Right Product for the Right Market

 

Right Product for the Right Market

Tanya Long, Human Capital Executive, Argility.

9 out of 10 businesses fail.  What’s the formula then for success? 

A frightening statistic popped out at me when I was reading Forbes Magazine the other day, which said that 90% of start-ups fail.  Now, I’m not sharing this to discourage you but rather to get you thinking that it’s imperative to work not only harder but smarter too.

Success Factor 1: Right Product for the Right Market

The top reason for success (as gained from research across many successful businesses) is having the right product for the right market.  Even the most innovative, cost effective, sexy products won’t sell if there is a lack of market need.  Do the research. Now this is not a once off exercise but rather something that should be evaluated continuously.   So what are the questions you should be asking regarding your products?

a) Who are our customers and how do we reach and market to them?

· Does our target market also include businesses or only individual customers?

· What do our customer profiles look like? What are the characteristics of our customers and how can we use this data to assist us with our marketing strategy development. An example would be: what are their demographic/expenditure/lifestyle/media preferences?

· What does our customer segmentation look like? What are the similarities/differences in our customer base (potential and current) and how can we use this information for cost effective and accurate targeting in our direct marketing?

· What are our customer demographics? Where do our prospective customers live? What is their Socio-Economic Measure? How frequently will they buy? What is their average age group and gender?

b) Determine your competition

· What would make a customer choose the one over the other? Is it price-variety-quality?

· Does the competitor offer superior customer service?

c) Know your products

· Ensure that you understand and know your products features and benefits, as the pricing determines if it is bargain value or luxury.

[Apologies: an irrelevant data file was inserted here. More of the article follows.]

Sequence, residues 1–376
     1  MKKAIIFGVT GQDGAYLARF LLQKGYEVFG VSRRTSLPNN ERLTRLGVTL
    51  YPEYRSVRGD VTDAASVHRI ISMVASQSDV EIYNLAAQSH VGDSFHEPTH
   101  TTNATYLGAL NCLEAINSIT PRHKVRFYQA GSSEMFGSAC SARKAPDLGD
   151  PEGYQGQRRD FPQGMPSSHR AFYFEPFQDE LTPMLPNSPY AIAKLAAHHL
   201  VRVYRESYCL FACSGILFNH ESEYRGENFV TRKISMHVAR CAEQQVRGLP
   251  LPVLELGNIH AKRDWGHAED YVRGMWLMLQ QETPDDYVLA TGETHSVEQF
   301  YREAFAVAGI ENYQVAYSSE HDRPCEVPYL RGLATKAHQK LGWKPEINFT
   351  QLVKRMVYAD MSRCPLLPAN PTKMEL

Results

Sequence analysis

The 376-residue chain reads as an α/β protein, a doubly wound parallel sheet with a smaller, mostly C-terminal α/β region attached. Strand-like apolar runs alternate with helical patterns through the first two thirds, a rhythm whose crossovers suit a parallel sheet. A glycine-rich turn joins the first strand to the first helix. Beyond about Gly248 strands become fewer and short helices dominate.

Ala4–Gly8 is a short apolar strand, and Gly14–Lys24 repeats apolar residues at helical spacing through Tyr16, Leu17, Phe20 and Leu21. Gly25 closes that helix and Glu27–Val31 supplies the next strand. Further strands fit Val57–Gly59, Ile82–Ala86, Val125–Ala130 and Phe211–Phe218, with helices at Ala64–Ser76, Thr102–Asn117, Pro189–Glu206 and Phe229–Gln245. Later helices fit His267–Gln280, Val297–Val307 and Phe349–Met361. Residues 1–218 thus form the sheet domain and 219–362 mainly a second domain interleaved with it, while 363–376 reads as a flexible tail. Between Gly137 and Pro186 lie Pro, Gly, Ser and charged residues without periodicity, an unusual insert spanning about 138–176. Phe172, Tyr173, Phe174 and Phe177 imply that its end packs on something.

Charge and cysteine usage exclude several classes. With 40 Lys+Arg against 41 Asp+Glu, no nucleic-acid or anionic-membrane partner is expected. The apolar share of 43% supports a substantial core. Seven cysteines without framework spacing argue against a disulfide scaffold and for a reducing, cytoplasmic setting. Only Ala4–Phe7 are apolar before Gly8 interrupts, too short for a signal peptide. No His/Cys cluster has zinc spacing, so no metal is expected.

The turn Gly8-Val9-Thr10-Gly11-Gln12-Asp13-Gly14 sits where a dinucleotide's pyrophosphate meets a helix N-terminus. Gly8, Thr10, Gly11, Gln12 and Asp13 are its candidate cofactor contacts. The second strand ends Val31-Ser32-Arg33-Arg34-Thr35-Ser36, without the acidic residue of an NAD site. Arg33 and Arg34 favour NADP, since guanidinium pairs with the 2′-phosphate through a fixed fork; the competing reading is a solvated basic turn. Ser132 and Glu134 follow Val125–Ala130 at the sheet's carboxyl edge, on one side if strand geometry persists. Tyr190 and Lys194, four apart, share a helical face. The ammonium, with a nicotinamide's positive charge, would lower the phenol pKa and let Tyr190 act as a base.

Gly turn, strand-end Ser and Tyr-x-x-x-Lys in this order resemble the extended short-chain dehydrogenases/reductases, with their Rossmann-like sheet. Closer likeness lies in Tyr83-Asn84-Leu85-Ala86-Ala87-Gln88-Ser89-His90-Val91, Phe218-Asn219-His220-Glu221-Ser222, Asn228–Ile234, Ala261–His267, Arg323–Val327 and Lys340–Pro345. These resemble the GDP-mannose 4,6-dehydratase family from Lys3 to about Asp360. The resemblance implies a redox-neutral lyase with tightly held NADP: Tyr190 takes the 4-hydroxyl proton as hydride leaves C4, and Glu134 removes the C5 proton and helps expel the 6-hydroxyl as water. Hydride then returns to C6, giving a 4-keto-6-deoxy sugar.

d) Request customer feedback

·  Constantly ask your customers about their experiences

I’m sure there are more questions you could ask, but I’m hoping that this will kick start the process and the answers to these are at least a bare minimum of information needed.

Ongoing research could be cumbersome and time consuming, so look for software systems which can fulfil your data needs.  Information taken from Point of Sale on product sales plus customers’ sales trends and segmentation should be mined continuously to ensure that your product and marketing strategies are still on point.

With the buzzwords of AI (Artificial Intelligence) flying around these days it is imperative to select a technology partner who can provide you with solutions that allows you to analyse the under-utilised wealth of information at your fingertips. And to raise the bar of not only having the data to view (referred to as Descriptive Analytics), but systems which allow you to predict and plan your stock levels and promotions (just to name a few) referred to as Predictive Analytics.

Article contributions taken from Neil Patel, Forbes Magazine.

For more information contact Sales on 011 712 1300, visit the Argility website or email info@argility.com .

Also read: Article on Business Intelligence and Machine Learning

Biography

Tanya Long, Human Capital Executive, Argility

Tanya Long is a Qualified Performance and Business coach, with over 25 years’ experience in Software Development for Retailers.  The fusion of her retail, software and coaching knowledge is used by many to uplift businesses, entrepreneurs and individuals in achieving the results that they desire. She currently serves as Human Capital Executive for Argility and works with various organisations to design and implement their Culture Strategy aligned to enhancing their Employee Engagement to drive business results.

Rachel Bates

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